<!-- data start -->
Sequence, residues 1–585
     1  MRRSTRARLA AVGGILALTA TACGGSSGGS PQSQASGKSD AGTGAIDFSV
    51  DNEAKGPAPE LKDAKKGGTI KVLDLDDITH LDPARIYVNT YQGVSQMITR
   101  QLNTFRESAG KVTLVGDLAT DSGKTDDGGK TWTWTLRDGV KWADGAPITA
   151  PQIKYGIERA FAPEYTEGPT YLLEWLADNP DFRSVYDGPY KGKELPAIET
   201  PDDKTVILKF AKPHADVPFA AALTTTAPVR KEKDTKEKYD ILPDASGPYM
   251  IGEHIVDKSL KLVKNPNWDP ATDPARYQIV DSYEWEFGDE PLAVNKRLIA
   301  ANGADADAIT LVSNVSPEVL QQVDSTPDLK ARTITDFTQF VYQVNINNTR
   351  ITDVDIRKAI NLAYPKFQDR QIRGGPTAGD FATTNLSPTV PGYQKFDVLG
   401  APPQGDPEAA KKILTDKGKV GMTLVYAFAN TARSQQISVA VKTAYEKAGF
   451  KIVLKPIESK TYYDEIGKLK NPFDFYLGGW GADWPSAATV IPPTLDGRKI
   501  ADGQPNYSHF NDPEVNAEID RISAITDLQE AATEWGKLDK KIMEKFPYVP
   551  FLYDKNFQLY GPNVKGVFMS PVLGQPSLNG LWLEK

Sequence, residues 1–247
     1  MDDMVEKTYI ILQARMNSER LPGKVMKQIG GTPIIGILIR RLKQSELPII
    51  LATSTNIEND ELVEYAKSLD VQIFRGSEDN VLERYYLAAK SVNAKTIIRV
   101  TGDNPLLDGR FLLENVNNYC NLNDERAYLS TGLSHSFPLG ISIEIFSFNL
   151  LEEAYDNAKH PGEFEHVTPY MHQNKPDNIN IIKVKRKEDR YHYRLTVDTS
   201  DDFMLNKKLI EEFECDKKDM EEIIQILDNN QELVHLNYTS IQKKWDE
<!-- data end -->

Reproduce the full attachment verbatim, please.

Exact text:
Sequence, residues 1–585
     1  MRRSTRARLA AVGGILALTA TACGGSSGGS PQSQASGKSD AGTGAIDFSV
    51  DNEAKGPAPE LKDAKKGGTI KVLDLDDITH LDPARIYVNT YQGVSQMITR
   101  QLNTFRESAG KVTLVGDLAT DSGKTDDGGK TWTWTLRDGV KWADGAPITA
   151  PQIKYGIERA FAPEYTEGPT YLLEWLADNP DFRSVYDGPY KGKELPAIET
   201  PDDKTVILKF AKPHADVPFA AALTTTAPVR KEKDTKEKYD ILPDASGPYM
   251  IGEHIVDKSL KLVKNPNWDP ATDPARYQIV DSYEWEFGDE PLAVNKRLIA
   301  ANGADADAIT LVSNVSPEVL QQVDSTPDLK ARTITDFTQF VYQVNINNTR
   351  ITDVDIRKAI NLAYPKFQDR QIRGGPTAGD FATTNLSPTV PGYQKFDVLG
   401  APPQGDPEAA KKILTDKGKV GMTLVYAFAN TARSQQISVA VKTAYEKAGF
   451  KIVLKPIESK TYYDEIGKLK NPFDFYLGGW GADWPSAATV IPPTLDGRKI
   501  ADGQPNYSHF NDPEVNAEID RISAITDLQE AATEWGKLDK KIMEKFPYVP
   551  FLYDKNFQLY GPNVKGVFMS PVLGQPSLNG LWLEK

Sequence, residues 1–247
     1  MDDMVEKTYI ILQARMNSER LPGKVMKQIG GTPIIGILIR RLKQSELPII
    51  LATSTNIEND ELVEYAKSLD VQIFRGSEDN VLERYYLAAK SVNAKTIIRV
   101  TGDNPLLDGR FLLENVNNYC NLNDERAYLS TGLSHSFPLG ISIEIFSFNL
   151  LEEAYDNAKH PGEFEHVTPY MHQNKPDNIN IIKVKRKEDR YHYRLTVDTS
   201  DDFMLNKKLI EEFECDKKDM EEIIQILDNN QELVHLNYTS IQKKWDE